A building block for optical quantum networks

February 8, 2013

Quantum device with optical resonator (circular object)  and waveguide with grating couplers used to couple light into and out of the waveguide.(credit: Andrei Faraon et al./New Journal of Physics)

Another approach to creating optical quantum networks has been developed by Cal Tech, HP, and University of Washington researchers. (See The quantum internet,)

In an optical quantum network, information is carried between points by photons. It could enable quantum computers that are millions of times faster at solving certain problems than what we are used to today.

This new device, which combines a single nitrogen-vacancy center in diamond with an optical resonator and an optical waveguide, could become the memory or the processing element of such a network.

A nitrogen-vacancy center is a defect in the lattice structure of diamond — one of the carbon atoms is replaced by a nitrogen atom and the nearest neighbor carbon atom is missing. The nitrogen-vacancy center has the property of photoluminescence (a substance absorbs photons from a source and then subsequently emits photons).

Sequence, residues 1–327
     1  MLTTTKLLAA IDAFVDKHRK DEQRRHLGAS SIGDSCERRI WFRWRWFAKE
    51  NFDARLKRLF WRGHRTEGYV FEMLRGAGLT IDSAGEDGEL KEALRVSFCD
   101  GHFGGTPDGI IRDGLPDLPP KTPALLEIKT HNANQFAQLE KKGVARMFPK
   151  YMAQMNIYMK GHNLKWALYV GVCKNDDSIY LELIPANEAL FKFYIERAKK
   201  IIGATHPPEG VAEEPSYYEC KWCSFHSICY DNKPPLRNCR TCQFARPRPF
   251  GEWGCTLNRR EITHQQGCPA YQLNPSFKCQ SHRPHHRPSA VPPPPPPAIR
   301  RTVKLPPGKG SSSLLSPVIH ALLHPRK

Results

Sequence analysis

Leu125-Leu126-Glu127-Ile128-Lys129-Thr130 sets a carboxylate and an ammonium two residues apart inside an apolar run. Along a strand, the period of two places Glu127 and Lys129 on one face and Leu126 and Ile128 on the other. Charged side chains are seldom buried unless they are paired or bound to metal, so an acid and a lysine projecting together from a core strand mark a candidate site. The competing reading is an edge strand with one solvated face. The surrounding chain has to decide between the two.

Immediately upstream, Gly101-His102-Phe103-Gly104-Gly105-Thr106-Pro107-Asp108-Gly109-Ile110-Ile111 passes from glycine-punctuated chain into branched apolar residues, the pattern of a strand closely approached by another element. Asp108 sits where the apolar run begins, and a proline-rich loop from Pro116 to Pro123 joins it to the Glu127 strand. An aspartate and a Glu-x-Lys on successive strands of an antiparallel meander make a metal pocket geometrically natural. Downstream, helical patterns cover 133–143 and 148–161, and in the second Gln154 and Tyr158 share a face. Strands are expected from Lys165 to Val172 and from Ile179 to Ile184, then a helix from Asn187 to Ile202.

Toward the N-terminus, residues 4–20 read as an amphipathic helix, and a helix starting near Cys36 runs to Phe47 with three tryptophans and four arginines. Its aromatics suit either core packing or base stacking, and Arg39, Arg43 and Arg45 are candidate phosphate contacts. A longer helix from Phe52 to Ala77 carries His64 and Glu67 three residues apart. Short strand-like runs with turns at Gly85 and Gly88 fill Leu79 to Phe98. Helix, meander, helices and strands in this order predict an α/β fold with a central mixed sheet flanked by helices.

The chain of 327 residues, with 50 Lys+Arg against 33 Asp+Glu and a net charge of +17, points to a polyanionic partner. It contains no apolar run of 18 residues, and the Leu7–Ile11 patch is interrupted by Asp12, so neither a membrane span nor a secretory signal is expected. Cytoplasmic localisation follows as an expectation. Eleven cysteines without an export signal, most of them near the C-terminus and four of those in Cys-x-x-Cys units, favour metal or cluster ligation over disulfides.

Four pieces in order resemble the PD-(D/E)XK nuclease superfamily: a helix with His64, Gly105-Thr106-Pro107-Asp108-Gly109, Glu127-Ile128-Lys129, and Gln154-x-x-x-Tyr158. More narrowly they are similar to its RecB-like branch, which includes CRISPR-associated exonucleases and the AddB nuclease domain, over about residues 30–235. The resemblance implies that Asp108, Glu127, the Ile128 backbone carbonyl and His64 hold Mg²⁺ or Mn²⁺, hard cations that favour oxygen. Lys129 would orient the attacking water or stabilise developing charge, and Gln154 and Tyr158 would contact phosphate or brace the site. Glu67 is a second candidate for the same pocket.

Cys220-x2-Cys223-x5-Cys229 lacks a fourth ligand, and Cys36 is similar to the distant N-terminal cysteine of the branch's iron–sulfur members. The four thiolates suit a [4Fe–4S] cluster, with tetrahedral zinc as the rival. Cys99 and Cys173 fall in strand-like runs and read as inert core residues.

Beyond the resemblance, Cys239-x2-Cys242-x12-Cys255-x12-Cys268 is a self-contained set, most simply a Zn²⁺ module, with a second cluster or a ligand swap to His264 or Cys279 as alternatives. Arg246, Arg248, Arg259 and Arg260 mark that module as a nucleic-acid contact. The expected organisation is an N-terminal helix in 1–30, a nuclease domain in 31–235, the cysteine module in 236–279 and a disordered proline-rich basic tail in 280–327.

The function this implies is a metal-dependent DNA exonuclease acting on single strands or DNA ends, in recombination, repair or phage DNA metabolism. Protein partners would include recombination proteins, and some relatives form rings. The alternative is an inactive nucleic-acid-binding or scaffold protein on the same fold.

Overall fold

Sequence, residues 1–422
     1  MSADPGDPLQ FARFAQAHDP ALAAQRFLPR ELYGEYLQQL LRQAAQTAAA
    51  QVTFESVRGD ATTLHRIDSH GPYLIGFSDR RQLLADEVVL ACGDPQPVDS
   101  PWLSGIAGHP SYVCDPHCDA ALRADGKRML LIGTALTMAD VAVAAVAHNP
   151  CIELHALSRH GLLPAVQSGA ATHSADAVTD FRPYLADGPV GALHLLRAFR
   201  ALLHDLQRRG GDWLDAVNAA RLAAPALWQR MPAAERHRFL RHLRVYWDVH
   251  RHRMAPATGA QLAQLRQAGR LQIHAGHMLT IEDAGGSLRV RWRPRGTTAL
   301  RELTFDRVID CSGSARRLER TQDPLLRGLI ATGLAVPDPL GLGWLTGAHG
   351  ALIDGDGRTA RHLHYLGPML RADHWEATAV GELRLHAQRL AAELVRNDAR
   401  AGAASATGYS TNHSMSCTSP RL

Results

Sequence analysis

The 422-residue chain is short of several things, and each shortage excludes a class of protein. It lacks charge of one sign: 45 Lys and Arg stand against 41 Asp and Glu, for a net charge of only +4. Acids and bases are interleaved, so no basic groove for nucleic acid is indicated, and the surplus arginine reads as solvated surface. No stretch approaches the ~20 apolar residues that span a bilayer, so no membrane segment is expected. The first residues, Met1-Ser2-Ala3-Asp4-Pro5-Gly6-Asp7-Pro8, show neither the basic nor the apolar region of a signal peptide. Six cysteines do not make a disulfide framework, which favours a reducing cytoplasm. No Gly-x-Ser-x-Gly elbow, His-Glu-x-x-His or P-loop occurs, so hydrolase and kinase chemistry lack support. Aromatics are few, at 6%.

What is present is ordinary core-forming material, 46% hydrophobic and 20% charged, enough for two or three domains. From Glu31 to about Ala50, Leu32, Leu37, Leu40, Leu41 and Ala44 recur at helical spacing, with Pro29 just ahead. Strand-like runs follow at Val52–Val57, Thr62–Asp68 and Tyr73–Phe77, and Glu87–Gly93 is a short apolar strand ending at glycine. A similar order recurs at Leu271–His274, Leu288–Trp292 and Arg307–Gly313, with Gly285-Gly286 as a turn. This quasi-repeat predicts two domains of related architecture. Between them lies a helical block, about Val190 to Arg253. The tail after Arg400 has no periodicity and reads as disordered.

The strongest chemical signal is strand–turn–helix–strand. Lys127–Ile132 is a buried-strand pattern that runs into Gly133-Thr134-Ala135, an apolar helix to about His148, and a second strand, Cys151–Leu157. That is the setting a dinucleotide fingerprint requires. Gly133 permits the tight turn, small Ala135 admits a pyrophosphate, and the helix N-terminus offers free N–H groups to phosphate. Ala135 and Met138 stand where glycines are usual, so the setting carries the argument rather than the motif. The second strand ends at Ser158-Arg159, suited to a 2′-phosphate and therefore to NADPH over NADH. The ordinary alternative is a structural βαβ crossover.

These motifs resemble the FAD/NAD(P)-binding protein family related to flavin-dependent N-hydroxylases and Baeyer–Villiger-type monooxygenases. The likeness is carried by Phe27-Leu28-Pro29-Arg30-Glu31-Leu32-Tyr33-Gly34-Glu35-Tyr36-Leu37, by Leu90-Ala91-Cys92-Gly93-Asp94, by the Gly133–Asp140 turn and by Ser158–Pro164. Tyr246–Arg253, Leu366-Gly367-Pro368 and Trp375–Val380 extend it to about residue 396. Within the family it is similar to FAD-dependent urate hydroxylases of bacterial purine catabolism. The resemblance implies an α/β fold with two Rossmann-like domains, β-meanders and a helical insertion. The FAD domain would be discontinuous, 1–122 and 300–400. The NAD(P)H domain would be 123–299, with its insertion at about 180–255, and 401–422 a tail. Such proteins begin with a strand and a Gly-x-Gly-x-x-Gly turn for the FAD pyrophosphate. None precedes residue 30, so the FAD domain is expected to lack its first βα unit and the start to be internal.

The emitted photons are special in that they are correlated, or entangled, with the nitrogen-vacancy center that they came from, which is crucial for future experiments that will look to examine this correlation. You cannot get these correlated photons from a normal light source.

The waveguide sends the photons out into a desired direction through gratings at either end.

“One of the holy grails in quantum photonics is to develop networks where optical quantum emitters are interconnected via photons,” said lead author of the study Andrei Faraon.

“In this work we take the first step and demonstrate that photons — the information carriers — from a single nitrogen-vacancy center can be coupled to an optical resonator and then further coupled to a photonic waveguide. We hope that multiple devices of this kind will be interconnected in a photonic network on a chip.”

The study, undertaken by researchers from the California Institute of Technology, Hewlett Packard Laboratories and University of Washington, tested the device by cooling it to temperatures below 10K and shining a green laser onto the nitrogen vacancy to evoke photoluminescence.

The entire device was etched in a diamond membrane that was around 300 nanometers thick.

“The whole idea of these devices is that they are able to be produced en masse. So far, the procedure for mass fabrication is still at the proof-of-concept level, so there is still plenty of work to be done to make it reliable,” continued Professor Faraon.